"To First Nations, they have a lot of significance. It carries history, it carries direction," said Manson.


Julie Cowie, president of the Nanaimo branch of the Archaeology Society of B.C., said not only does vehicle use erode the surface of the petroglyphs, it removes vegetation on top of the stone exposing it to the elements. Vibrations from the vehicles also damage the artifacts. But Cowie thinks many people are unaware that there are even petroglyphs in the area or how they can be damaged.

Although the local archaeology society has been talking to local groups about conservation, there's also the risk of drawing too much attention and too many people to the relics. Popular spots to view similar pieces of history, such as Petroglyph Provincial Park and Gabriola Island, have also been damaged by vandalism and even people removing vegetation covering the stones to get a better look at them.

"It really comes down to the individual, you can educate them as much as you want but it comes down to if they care," she said.

Cowie thinks it's the responsibility of the province to ensure petroglyphs are protected.

The province has erected barriers in the past on several Gulf Islands to prevent vehicle use near petroglyphs, but it's not always effective as people find ways to bypass them. Often, whether or not a barrier is erected depends on whether the land is private and how co-operative landowners are.

Chris Sholberg, community and heritage planner for the City of Nanaimo, said it's likely that at least part of the land where the Harewood Mines Road petroglyphs are located are on privately owned land.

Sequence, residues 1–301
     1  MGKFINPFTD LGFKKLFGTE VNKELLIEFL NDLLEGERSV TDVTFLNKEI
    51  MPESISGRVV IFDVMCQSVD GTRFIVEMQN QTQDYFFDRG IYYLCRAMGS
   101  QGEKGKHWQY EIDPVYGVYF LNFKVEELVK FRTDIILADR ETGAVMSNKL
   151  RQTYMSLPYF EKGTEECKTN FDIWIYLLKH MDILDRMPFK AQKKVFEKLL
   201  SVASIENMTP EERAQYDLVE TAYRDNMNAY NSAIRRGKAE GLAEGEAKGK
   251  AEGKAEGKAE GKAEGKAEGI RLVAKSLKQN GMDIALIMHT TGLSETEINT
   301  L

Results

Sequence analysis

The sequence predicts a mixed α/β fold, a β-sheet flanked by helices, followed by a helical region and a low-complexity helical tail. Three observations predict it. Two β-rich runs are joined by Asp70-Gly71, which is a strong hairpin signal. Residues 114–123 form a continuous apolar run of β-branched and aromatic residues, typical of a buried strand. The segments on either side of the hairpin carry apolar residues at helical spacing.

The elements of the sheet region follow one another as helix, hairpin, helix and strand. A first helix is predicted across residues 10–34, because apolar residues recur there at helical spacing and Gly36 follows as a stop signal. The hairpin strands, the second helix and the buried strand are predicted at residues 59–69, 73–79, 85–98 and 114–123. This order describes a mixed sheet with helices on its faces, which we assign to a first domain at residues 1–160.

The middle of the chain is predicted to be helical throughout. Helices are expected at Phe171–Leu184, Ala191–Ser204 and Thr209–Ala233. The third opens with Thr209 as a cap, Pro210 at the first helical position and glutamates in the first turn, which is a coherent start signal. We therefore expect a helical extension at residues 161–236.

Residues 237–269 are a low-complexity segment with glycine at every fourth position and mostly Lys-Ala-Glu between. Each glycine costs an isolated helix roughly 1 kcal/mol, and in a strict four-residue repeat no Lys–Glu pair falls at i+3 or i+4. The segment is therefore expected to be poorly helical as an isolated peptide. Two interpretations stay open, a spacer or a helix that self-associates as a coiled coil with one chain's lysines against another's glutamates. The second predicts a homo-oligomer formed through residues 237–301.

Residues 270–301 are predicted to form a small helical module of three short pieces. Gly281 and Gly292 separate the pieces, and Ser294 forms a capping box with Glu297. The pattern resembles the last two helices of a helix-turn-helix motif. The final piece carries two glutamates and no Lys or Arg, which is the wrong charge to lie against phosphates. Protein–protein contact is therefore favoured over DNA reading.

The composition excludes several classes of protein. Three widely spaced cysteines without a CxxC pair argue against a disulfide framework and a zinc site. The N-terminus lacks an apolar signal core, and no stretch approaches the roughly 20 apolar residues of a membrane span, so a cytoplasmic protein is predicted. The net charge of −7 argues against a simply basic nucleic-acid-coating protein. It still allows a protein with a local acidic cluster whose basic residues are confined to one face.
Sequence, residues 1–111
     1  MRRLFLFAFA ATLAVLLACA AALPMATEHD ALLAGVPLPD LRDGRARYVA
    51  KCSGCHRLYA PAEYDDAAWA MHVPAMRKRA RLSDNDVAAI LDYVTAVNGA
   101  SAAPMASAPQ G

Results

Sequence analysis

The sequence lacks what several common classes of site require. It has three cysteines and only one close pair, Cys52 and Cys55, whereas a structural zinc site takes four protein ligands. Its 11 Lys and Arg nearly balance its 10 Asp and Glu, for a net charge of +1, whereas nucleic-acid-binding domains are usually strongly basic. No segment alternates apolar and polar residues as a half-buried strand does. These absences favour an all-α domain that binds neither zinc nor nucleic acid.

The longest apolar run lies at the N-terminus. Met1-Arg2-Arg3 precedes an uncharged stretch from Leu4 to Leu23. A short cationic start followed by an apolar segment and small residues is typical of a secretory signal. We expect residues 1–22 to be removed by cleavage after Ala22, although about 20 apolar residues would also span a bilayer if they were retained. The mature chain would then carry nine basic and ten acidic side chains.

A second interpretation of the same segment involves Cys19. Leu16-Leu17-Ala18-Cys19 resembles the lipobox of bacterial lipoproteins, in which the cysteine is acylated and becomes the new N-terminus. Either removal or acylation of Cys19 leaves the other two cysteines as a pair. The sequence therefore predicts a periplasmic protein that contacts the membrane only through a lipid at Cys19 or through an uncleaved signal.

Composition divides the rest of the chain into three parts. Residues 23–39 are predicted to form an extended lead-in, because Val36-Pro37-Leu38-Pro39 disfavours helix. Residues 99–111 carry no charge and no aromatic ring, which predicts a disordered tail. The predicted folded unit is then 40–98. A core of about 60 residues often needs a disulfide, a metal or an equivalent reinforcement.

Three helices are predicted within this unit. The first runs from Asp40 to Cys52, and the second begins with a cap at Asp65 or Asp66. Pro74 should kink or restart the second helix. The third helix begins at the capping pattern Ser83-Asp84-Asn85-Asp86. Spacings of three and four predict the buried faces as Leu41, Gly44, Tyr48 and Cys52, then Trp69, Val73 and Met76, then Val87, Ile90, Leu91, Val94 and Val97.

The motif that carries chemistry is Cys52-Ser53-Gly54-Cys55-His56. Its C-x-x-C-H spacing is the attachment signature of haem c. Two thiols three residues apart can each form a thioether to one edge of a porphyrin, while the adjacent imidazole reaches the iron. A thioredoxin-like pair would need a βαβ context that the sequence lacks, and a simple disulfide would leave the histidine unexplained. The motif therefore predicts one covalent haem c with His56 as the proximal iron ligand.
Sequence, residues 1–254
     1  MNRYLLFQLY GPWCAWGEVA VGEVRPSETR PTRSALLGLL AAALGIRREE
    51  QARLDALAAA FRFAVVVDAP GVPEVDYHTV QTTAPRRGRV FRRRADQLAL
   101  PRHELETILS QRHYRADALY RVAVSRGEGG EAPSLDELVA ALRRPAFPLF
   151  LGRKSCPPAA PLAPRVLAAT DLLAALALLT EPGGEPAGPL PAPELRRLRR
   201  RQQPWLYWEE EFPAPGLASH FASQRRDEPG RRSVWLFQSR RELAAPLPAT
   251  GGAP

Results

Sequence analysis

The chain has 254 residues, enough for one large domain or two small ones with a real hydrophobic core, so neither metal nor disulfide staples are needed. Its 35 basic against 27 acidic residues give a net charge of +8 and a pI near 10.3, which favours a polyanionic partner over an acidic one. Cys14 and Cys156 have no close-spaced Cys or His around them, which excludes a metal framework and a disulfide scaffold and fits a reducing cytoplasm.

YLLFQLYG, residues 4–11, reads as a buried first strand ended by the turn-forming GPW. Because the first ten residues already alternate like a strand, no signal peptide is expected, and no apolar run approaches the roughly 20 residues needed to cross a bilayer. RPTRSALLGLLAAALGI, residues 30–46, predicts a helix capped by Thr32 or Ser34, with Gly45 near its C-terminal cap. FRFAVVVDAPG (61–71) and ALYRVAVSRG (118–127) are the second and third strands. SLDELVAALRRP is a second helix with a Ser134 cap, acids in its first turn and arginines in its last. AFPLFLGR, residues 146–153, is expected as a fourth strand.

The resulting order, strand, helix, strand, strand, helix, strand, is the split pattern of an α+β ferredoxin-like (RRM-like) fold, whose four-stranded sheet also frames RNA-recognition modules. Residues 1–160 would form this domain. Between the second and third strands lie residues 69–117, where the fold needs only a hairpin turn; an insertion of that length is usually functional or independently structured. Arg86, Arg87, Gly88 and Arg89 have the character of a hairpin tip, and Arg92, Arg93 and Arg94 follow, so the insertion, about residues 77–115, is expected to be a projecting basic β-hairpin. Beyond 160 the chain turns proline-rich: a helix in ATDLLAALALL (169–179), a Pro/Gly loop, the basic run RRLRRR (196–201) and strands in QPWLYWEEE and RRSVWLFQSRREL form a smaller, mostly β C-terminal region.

DWalker@nanaimodailynews.com

250-729-4244




© The Daily News (Nanaimo) 2008

British Columbia,
Canada
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« Reply #49 on: March 14, 2009, 09:34:23 am »

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    Archaeological artifacts alone can't pinpoint an ethnic culture
« on: October 02, 2008, 03:19:14 am » Quote 

--------------------------------------------------------------------------------
ARCHAEOLOGY









Archaeological artifacts alone can't pinpoint an ethnic culture






Tuesday,  September 30, 2008 2:58 AM
By Bradley T. Lepper

 Cultural anthropologists study living cultures -- from tribes that live in remote areas to ethnic groups that live in the world's largest cities.

Archaeologists study artifacts. By comparing artifacts, as well as architecture, food remains, burial practices and other aspects of daily life that leave traces in the ground, they define "archaeological cultures" based on similarities and differences across space and through time.